I'm not sure that we should: I've always believed that such benefits should really be reserved for those truly in need. We're not. On the money we've got coming in, and now we've gotten rid of most of our income-drainers (actually compulsory savings), weekly income and weekly expenditure are just about balanced. I'm still contributing a few thousand a year to my Superannuation scheme, and rather more to a savings account for Andrew's educational expenses in coming years. But the extra payments mean we can now do things like afford fish-and-chips from the takeaway once a fortnight, and even get a replacement TV for the one that's on its last legs. (It was a wedding present in 1981, and the new one was on sale for less than $400).
When you've got $5000 a month coming in, an extra $100 a month doesn't sound like much. But when you've got $1000 a month coming in, it's very significant.

That's led me to have a look at the coming election, and the various tax and income policies of the two major parties, especially as it affects people on low incomes.

And from the Daily Telegraph here's what Labor's plan will do:
More than 100,000 sole parents and another 80,000 low-income families will lose between $500 and $2500 a year if Labor is elected.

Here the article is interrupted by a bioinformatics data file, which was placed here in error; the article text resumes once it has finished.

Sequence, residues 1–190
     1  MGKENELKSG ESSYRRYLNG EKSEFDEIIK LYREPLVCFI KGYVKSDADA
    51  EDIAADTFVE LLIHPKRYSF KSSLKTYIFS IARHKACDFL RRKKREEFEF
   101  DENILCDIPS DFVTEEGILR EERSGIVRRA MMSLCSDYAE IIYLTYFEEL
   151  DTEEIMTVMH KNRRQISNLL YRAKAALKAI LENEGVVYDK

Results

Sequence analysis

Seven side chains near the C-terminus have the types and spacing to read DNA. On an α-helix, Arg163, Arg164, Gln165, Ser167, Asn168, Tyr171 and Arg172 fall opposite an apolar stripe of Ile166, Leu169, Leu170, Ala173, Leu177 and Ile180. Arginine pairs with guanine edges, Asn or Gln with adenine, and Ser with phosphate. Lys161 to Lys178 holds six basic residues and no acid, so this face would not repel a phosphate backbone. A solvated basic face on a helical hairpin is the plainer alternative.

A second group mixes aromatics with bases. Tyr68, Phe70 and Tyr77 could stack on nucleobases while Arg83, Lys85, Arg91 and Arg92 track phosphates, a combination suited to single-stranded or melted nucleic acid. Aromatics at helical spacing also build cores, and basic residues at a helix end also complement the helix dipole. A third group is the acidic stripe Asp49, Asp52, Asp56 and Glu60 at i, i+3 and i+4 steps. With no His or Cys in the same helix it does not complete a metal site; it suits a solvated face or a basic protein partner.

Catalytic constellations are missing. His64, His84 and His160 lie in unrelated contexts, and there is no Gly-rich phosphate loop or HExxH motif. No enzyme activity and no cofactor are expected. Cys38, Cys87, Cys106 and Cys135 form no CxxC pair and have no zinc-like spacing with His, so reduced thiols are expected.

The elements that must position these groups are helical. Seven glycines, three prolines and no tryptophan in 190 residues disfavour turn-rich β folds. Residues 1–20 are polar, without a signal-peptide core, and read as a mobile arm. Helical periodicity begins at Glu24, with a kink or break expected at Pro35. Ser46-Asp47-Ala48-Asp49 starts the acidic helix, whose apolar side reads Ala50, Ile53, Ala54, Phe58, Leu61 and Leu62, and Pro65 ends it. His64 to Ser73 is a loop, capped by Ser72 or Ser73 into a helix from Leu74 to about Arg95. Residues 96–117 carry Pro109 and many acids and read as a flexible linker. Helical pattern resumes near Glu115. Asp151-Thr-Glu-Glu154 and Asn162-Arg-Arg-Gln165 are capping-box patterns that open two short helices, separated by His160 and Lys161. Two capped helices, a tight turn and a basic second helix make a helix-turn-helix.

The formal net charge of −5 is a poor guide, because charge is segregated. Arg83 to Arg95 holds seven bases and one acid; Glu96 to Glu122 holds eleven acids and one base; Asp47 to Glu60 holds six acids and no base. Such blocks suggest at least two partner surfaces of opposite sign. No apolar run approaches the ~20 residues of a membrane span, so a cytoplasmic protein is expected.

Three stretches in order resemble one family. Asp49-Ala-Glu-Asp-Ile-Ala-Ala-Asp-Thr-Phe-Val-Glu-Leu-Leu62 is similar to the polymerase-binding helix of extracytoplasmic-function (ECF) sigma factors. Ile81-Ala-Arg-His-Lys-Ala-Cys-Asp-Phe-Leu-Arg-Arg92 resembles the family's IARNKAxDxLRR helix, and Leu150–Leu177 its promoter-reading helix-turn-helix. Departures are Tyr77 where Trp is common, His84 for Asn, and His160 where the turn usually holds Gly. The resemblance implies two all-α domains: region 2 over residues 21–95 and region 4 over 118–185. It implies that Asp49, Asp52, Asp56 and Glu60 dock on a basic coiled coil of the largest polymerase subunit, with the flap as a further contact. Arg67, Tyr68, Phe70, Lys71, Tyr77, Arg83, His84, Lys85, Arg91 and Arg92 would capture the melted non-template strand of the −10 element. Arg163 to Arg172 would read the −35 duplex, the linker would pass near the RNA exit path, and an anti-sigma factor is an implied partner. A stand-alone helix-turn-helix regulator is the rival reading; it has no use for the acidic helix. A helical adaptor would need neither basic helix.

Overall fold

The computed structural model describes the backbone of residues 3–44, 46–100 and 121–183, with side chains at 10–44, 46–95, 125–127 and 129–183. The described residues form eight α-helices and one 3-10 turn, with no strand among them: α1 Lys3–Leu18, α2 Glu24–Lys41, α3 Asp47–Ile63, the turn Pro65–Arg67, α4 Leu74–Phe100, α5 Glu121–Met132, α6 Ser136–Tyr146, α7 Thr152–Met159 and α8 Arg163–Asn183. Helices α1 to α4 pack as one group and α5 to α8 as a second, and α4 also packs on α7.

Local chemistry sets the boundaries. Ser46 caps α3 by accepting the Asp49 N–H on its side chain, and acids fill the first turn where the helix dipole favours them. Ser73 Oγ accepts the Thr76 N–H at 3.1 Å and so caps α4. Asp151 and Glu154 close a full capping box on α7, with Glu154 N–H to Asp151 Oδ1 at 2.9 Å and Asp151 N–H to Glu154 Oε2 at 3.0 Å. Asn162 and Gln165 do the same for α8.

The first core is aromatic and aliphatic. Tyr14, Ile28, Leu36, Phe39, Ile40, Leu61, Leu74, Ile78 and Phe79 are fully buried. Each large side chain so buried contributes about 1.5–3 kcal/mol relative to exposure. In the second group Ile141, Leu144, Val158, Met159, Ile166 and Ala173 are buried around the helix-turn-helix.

And if they think taking up Opposition Leader Mark Latham's challenge to get a job will help they had best think again, according to The Australian Council of Social Service.

Under Labor's tax and family package released on Tuesday they will get slugged even more, ACOSS said.

Single mothers with two children battling to get child support from dead-beat dads are among the hardest hit.

"The best life is not a life of welfare, it's a life of endeavour and work," Mr Latham said in Brisbane yesterday.

He said he did not want to argue about the reduction in welfare payments but instead wanted to concentrate on the size of pay packets.

His own tax tables show, however, that even if these women get a job they continue to lose between $208 and $624 a year under Labor's reforms.

Sole parents with two children have to earn close to $40,000 a year before they become winners under Labor's package : leaving mothers such as Kelly Metcraft out in the cold.

Raising two children on less than $35,000 a year leaves the 24-year-old single mother $4-$12 dollars worse off with a Mark Latham government.
And then there's this from the ABC :
CATHERINE MCGRATH: But the next caller to Hobart ABC radio was worried, very worried about Labor's policies. She thinks she's one of the losers.

CALLER 2: Obviously I'm a sole parent, but I was one of the unfortunate ones that my husband didn't leave me, he died, and Mr Latham said this morning on AM that sole parents need to get back to work and show their kids some work ethic, well, hello?

You know, I'm here with three kids under 11 trying to sort out our lives, my husband died at work, and he's telling me to go back to work.

CATHERINE MCGRATH: And this is the difficulty for Labor. It's going to have to live with the fact that the losers include groups like sole parents - not all of them, that's true - but one example is that a sole parent of one school aged and one child under five, who earn, less than $35,000 a year will be worse off by between $200 and $600 dollars.